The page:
I was reading Janelle's blog earlier today, and she was talking about friendships and girlfriends and feeling like an accessory.
This prompted me to actually sit down and write the post that's been bouncing around in my head lately kind of on the same topic.
I've always had more friends than I knew what to do with. On the whole, I like to think that I'm pretty considerate and reliable when it counts, so I don't find it hard to maintain a circle of girlfriends. I can be silly and sit around and eat chocolate with you, I will throw you a shower when you get married or have a baby, or I will listen when you want to cry. I don't view any of these things as burdens or challenges. It's just what you do.
As I've gotten older, I've found that my circle has gotten smaller. Some friends have moved, some have drifted, and of course there are the expected numbers of friends that you fall out with.
When Janelle mentioned that she felt like an accessory with some people, it struck a nerve with me. I kind of felt that way with a couple of my friends. I think it's the perfect word to describe my role in the friendship actually. "Accessory." It happens pretty often unfortunately.
I still have my core group of good friends- My Dear Anon, My Person, K, etc. But that list? That's certainly not "more than I know what to do with." And 2 out of the 3 of those people are married with kids. And you know what? They're quite content with their lives. Not to say that they don't enjoy my company, but they are certainly not at leisure for me to call them at any time to go to a movie, or a manicure, or anything else without vast amounts of planning and arranging...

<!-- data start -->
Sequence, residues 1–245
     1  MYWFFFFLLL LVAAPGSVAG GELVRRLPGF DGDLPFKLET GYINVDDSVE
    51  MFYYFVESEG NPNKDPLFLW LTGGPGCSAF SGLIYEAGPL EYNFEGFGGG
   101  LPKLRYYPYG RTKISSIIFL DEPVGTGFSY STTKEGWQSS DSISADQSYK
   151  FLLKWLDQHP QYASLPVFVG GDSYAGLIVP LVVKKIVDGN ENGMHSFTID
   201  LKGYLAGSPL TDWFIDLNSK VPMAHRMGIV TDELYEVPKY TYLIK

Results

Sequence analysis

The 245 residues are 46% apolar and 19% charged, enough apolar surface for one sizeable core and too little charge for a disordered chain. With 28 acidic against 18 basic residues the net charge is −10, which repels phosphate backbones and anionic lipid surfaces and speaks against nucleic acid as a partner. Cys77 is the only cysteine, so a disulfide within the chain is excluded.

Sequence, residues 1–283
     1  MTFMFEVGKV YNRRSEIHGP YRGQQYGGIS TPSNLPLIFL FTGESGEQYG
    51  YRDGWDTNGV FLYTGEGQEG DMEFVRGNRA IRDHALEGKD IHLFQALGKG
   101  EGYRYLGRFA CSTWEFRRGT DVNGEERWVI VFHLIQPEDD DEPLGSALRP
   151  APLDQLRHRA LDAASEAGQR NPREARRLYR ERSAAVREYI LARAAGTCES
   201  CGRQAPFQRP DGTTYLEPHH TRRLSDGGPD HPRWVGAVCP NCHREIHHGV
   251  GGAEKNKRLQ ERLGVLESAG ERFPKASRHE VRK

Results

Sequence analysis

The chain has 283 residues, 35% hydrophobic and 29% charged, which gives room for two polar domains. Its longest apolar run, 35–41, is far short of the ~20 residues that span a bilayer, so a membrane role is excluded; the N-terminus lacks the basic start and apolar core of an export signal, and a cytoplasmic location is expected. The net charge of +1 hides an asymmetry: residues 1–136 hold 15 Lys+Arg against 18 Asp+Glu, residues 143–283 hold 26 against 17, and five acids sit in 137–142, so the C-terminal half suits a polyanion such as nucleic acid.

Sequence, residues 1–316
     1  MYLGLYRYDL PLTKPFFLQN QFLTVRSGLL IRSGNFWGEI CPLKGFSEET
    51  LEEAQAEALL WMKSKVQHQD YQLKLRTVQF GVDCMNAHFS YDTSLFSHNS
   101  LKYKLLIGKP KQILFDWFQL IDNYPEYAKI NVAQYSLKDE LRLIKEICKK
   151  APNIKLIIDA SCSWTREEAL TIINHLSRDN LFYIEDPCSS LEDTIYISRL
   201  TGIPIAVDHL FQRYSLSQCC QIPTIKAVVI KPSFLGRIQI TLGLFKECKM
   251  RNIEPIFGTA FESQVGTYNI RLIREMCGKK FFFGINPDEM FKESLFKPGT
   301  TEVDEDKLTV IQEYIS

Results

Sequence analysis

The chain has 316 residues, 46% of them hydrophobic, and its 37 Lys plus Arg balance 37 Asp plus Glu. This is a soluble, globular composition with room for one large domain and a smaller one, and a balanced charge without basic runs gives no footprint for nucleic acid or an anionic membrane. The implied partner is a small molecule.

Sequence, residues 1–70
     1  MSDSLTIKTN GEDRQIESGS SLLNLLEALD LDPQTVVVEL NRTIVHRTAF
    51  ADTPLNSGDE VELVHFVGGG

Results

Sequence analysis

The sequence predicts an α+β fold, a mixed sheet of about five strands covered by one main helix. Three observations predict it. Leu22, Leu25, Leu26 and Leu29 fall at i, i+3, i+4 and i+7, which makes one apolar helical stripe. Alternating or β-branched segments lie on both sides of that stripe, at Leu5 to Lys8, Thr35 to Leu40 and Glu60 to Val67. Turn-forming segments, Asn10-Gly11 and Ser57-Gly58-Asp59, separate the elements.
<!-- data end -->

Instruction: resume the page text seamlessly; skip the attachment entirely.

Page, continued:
Making friends as adults is a much harder business than I expected. I had the potential for it with a few different girlfriends over the past few years. Things would be moving along, and I would get quite attached to them, but then...something would happen. I'm not sure what, but it never went past the odd lunch or shopping day. It never developed into giggling phone calls, or quiet confidences, or any kind of need to get together. And so, the drifting would occur, and we became little more than facebook friends.
When my person got married, my father said that he expected that we wouldn't be as good friends anymore. Now of course that would never happen with me and her - but I wonder if there isn't some truth to that with some of the other potentials.
Is it like Carrie Bradshaw asked- "Is there a cold war between marrieds and singles?" Sometimes I wonder if that's the case. If you don't even have that basic thing in common (married, with toddler, or something like that) then perhaps you don't have enough to build on?
Now don't get me wrong- I'm not really lonely. If I threw a party, I would have more than enough people there. But these unfulfilled friendships really got me thinking about what it means to connect with people as an adult when you no longer have something like school in common. It was so easy back then when you shared classes and cafeterias and clubs.
Making friends as an adult? It seems like you really have to work at it to make it happen. And more often than not, you end up with something that either just had really good potential, and didn't pan out - or something like an "accessory" relationship that ends up being so shallow that you almost wonder whether staying at home on your couch isn't a better option.
Le sigh. I guess that's one of the differences of being an adult vs a child. Being an adult equals work - in every sense of the word.